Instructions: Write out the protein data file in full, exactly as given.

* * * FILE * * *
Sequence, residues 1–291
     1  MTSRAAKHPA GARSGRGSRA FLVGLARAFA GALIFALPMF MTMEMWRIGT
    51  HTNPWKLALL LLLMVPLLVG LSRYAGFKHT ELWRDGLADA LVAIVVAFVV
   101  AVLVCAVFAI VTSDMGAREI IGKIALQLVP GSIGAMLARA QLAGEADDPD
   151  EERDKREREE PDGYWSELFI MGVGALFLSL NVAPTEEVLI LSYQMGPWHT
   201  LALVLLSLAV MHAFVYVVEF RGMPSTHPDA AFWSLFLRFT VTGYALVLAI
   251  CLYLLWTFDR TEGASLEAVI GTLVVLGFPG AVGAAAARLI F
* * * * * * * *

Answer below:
Sequence, residues 1–291
     1  MTSRAAKHPA GARSGRGSRA FLVGLARAFA GALIFALPMF MTMEMWRIGT
    51  HTNPWKLALL LLLMVPLLVG LSRYAGFKHT ELWRDGLADA LVAIVVAFVV
   101  AVLVCAVFAI VTSDMGAREI IGKIALQLVP GSIGAMLARA QLAGEADDPD
   151  EERDKREREE PDGYWSELFI MGVGALFLSL NVAPTEEVLI LSYQMGPWHT
   201  LALVLLSLAV MHAFVYVVEF RGMPSTHPDA AFWSLFLRFT VTGYALVLAI
   251  CLYLLWTFDR TEGASLEAVI GTLVVLGFPG AVGAAAARLI F